SXSWorld May 2014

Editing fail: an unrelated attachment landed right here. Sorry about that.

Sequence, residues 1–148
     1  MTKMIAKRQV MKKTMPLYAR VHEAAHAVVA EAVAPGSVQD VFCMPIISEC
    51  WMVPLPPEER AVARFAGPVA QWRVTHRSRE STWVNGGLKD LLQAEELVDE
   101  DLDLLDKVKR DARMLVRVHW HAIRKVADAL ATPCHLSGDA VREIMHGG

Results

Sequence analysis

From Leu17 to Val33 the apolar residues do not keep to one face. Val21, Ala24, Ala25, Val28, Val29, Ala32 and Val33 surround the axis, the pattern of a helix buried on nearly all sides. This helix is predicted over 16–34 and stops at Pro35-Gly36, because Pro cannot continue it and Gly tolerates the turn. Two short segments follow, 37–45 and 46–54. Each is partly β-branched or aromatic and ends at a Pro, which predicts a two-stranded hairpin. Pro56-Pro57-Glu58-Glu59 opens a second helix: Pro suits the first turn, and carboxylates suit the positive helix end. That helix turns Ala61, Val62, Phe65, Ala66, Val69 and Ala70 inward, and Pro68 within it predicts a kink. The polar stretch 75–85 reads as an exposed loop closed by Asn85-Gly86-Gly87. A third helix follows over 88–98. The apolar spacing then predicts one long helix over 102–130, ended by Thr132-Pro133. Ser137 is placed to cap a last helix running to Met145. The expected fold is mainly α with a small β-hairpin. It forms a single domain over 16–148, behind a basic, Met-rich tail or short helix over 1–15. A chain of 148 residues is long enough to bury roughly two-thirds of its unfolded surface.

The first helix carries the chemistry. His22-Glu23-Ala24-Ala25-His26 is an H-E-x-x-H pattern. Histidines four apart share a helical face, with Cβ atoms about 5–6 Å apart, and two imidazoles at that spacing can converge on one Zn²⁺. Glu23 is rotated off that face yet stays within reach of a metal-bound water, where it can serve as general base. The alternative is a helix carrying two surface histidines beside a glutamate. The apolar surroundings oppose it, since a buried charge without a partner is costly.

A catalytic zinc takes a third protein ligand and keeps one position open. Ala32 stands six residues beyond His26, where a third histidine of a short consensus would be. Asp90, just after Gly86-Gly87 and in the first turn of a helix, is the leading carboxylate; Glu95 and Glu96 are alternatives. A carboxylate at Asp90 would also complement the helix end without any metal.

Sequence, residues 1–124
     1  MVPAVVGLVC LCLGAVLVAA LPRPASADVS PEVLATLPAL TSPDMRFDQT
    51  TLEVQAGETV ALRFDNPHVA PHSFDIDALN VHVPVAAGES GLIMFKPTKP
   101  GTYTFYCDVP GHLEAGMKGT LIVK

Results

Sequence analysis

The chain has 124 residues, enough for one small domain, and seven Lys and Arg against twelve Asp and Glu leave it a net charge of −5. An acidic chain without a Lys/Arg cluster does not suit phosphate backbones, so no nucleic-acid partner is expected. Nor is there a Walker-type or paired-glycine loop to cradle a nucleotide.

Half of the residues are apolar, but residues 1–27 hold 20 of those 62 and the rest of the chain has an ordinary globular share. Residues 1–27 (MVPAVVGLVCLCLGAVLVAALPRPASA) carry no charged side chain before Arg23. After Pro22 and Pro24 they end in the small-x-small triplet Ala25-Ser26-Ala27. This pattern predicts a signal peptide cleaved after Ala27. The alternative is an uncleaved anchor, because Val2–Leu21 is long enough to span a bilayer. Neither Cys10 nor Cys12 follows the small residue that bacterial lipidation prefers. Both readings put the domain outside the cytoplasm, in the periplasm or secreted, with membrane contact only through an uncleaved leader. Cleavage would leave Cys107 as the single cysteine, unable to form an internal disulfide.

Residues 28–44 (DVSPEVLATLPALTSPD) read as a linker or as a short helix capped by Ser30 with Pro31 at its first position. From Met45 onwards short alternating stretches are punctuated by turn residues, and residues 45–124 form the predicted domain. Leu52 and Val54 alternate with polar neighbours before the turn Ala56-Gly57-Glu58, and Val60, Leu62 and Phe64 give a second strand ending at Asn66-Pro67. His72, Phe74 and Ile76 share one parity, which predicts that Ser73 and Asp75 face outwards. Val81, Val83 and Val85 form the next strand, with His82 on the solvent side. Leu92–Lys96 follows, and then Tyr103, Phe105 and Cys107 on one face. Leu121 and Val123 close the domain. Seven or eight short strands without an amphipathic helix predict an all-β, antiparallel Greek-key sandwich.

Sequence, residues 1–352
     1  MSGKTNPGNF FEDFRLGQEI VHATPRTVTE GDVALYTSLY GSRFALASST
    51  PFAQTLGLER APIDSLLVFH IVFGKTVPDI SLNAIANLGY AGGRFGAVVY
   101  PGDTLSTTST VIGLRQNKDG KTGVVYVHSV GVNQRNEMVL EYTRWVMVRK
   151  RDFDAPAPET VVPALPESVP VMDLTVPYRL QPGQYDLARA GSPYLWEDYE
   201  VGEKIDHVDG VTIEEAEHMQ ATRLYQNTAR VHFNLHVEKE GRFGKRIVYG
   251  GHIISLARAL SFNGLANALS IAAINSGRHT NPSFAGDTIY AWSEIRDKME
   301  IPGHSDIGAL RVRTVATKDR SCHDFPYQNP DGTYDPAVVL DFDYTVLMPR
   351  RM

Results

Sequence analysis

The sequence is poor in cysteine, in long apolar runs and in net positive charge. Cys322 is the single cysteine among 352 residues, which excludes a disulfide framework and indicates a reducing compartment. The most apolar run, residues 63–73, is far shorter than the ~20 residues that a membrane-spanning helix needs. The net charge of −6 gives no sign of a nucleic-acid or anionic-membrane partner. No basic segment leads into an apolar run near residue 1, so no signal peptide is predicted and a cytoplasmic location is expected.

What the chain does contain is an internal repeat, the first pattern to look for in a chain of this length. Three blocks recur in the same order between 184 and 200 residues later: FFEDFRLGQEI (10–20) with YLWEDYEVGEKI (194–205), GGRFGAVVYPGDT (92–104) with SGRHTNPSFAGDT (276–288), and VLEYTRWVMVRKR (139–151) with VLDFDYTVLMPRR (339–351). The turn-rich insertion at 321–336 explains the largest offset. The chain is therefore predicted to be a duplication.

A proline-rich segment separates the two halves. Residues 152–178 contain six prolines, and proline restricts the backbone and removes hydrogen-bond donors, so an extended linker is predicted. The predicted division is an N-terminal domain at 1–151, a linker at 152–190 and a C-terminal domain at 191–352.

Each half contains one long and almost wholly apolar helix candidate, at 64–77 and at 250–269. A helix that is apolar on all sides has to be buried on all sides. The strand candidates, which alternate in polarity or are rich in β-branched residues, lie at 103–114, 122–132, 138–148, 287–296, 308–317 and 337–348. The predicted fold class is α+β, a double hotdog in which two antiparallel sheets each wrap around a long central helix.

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6 S X S W O R L D / M A Y 2 0 1 4 SXSW Red River Victims Remembered, Help Still Needed by Michael Corcoran I was two blocks away" and "We were outside the Mohawk just 15 minutes earlier" were posts I kept seeing variations of in the early morning of ursday, March 14. In 27 years of SXSW, no one had died. But due to an insanely selfish act that lasted less than a minute, four people with different back- grounds, coming together on Red River Street to hear the music and feed off the energy lost their lives, and 19 more were hospitalized. It could have been any of us, but it was Steven Craenmehr, 35 and Jamie West, 27, who were pronounced dead at the scene. Sandy Le, 26, would die four days later from her injuries, and DeAndre Tatum, 18, would pass away two weeks after the incident that ripped our hearts. e night of Wednesday, March 13 had been one of the happiest I've ever spent at SXSW. Margaret Moser hosted the Austin Music Awards for the 31st and final time, and every Austin musician, DJ, writer, clubowner and manager not working turned out for a true Austin music family reunion. I got out in the fresh air outside the Austin Convention Center at about midnight and decided to walk as far as I could before hopping in a pedicab. But strolling with my son felt so good, we just kept going all the way home. On the way, a couple of cop cars screeched past with lights going crazy and then an ambulance. "Hope it's nothing bad," I said. SXSW is people from all over the world with diverse experiences coming together to discover what they have in common. ey roam the streets in search of music that's going to make them feel most alive. Some of us had done that every March since 1987. e SXSW experi- ence became an almost sacred part of being an Austinite, and that was violated at about 12:30am on March 14. Daniel Nortcutt was manning a food booth at the Mohawk when he ran outside to see what all the screaming was about. "e only thing going through the minds of any of the first responders was 'help these people,' " said Nortcutt, who owns the Frank gourmet hot dog restaurant. On Frank's outside wall is a mural that changes on the first of every month, and on March 31, Frank Public Art unveiled a work by local artist Frederico Archuleta that addressed the SXSW tragedy depicting a pair of helping hands with a message in wristbands. On the right wrist were the words "help heal the hurt" and on the left wrist were bands bearing the names DeAndre, Sandy, Steven and Jamie. At the unveiling, Northcutt wept. "at's when it hit me, what happened" he said. "When I saw the names, my emotions took over." Grief is on its own timetable. ey were a couple who moved to Austin together to start their mar - ried lives, a pair of high school sweethearts who took a road trip from Fort Worth, a young woman who moved here from Mississippi to finish her studies at the University of Texas, and a new father from Amsterdam whose career in the music business was really starting to take off. Jamie, DeAndre, Sandy, Steven: four people, so loved, who had lives of such promise ahead. • Steven Craenmehr was the creative director of MassiveMusic, a leading European music agency based in Amsterdam with offices world- wide. With a natural talent for linking people who could help each other, Craenmehr was the sort of connected international businessman M I C H A E L C O R C O R A N

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